(5) Does the claimant's residual functional capacity, when considered with the claimant's age, education, and work experience, allow her to adjust to other work that exists in significant numbers in the national economy? If so, the claimant is not disabled. If not, the claimant is disabled.

Stout v. Commissioner, Social Security Administration, 454 F.3d 1050, 1052 (9th Cir. 2006) (citing 20 C.F.R. §§ 404.1520, 416.920).

The claimant has the burden of proof at steps one through four, and the Commissioner has the burden of proof at step five. See Bustamante v. Massanari, 262 F.3d 949, 953-54 (9th Cir. 2001) (citing Tackett); see also Burch, 400 F.3d at 679 (claimant carries initial burden of proving disability).

If the ALJ determines that a claimant is disabled, but there is medical evidence that the claimant suffers from drug addiction or alcoholism, the regulations dictate that the ALJ conduct a drug and alcohol analysis ("DAA") to determine whether such disorder is a contributing factor material to the determination of disability and the extent to which a claimant's identified limitations would remain if the claimant stopped using drugs or alcohol. See 20 C.F.R. §§ 404.1535(b), 416.935(b). If the remaining limitations would be disabling, the claimant's substance abuse is not a contributing factor material to her disability. If the remaining limitations would not be disabling, then the claimant's substance abuse is material and benefits must be denied. See42 U.S.C. § 423(d)(2)(C) ("An individual shall not be considered to be disabled . . . if alcoholism or drug addiction would . . . be a contributing factor material to the Commissioner's determination that the individual is disabled."); 20 C.F.R. §§ 404.1535(b), 416.935(b); see alsoParra v. Astrue, 481 F.3d 742, 746-47 (9th Cir. 2007) (discussing same), cert. denied, 552 U.S. 1141 (2008); Bustamante, 262

F.3d at 955 (DAA must be conducted after an initial finding of disability under the sequential evaluation process). "[T]he claimant bears the burden of proving that drug or alcohol addiction is not a contributing factor material to his disability." Parra, 481 F.3d at 748.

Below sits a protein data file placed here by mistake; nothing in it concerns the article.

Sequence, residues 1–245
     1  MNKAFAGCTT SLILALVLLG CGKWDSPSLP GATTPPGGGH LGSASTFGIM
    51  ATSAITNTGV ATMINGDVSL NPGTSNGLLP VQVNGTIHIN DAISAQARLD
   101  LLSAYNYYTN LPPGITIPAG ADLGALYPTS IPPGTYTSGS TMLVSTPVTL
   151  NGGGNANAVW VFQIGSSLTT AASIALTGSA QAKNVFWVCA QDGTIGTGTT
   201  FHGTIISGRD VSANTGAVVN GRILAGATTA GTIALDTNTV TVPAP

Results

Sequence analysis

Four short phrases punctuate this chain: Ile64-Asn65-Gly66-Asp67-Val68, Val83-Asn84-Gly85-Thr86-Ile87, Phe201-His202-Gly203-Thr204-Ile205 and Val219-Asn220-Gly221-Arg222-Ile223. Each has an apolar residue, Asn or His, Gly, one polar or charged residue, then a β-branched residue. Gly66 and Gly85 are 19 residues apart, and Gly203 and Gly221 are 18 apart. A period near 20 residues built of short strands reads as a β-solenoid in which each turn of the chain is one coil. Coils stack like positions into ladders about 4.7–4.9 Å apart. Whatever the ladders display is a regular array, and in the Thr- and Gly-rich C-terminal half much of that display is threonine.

B. Standard of Review

Pursuant to 42 U.S.C. section 405(g), a court may set aside a denial of benefits only if it is not supported by substantial evidence or if it is based on legal error. Robbins v. Social Security Administration, 466 F.3d 880, 882 (9th Cir. 2006) (citing Flatten v. Secretary of Health & Human Services, 44 F.3d 1453, 1457 (9th Cir. 1995)). Substantial evidence is "such relevant evidence as a reasonable mind might accept as adequate to support a conclusion." Richardson v. Perales, 402 U.S. 389, 401 (1971) (citations and quotations omitted). It is more than a mere scintilla but less than a preponderance. Robbins, 466 F.3d at 882 (citing Young v. Sullivan, 911 F.2d 180, 183 (9th Cir. 1990)).

To determine whether substantial evidence supports a finding, a court must "'consider the record as a whole, weighing both evidence that supports and evidence that detracts from the [Commissioner's] conclusion.'" Aukland v. Massanari, 257 F.3d 1033, 1035 (9th Cir. 2001) (quoting Penny v. Sullivan, 2 F.3d 953, 956 (9th Cir. 1993)). If the evidence can reasonably support either affirming or reversing the ALJ's conclusion, a court may not substitute its judgment for that of the ALJ. Robbins, 466 F.3d at 882 (citing Flatten, 44 F.3d at 1457).

IV. DISCUSSION

Plaintiff essentially contends that the ALJ erred in determining that plaintiff's drug abuse is a contributing factor material to her disability. (Plaintiff's Motion at 4). More specifically, plaintiff argues that the ALJ erred because she conducted the requisite DAA without reference to any medical opinion. (Plaintiff's Motion at 4). Plaintiff is not entitled to relief on such a basis.

Substantial evidence supports the ALJ's conclusion that plaintiff's substance abuse is a contributing factor material to her disability. As the ALJ noted, the record contains "little objective medical evidence of a medically determinable impairment other than substance abuse." (AR 21, 57). The ALJ noted the following evidence in support:

[I]n June, 2003, [plaintiff] reported a history of marijuana and methamphetamine use (although she claimed to be clean over three months). . . . [D]uring a psychiatric evaluation in July 2005, [plaintiff] admitted to a history of methamphetamine [use]. . . .

[T]reating notes from December, 2005 and February 2006 indicated [plaintiff's] only diagnosis was cannabis dependence. . . . Additionally, . . . during an initial evaluation performed in December 2005 at ValueOptions, [plaintiff] indicated she had smoked marijuana since she was a teenager and continued to use it on a daily basis. . . .

[I]n February 2006, a State Agency psychiatrist found that while [plaintiff] had been partially compliant with prescribed treatment, she had persistent daily cannabis use. . . . (AR 21) (emphasis in original) (citing Exhibits 1F at 29, 70, 74, 89, 125, 147 [AR 232, 270-72, 275, 290, 327, 349]).

Once such evidence of plaintiff's substance use surfaced, the burden rested with plaintiff, not the ALJ, to demonstrate that her drug use was not a contributing factor material to her disability by showing that she would have remained disabled had she stopped using drugs. See Parra, 481 F.3d at 747-48. Here, plaintiff points to no medical source opinion or other evidence that demonstrates plaintiff would suffer from disabling impairments absent her drug addiction. In the absence of such evidence, the ALJ reasonably concluded that substance abuse is a contributing factor material to plaintiff's disability.

V. CONCLUSION

For the foregoing reasons, the decision of the Commissioner of Social Security is affirmed.

LET JUDGMENT BE ENTERED ACCORDINGLY.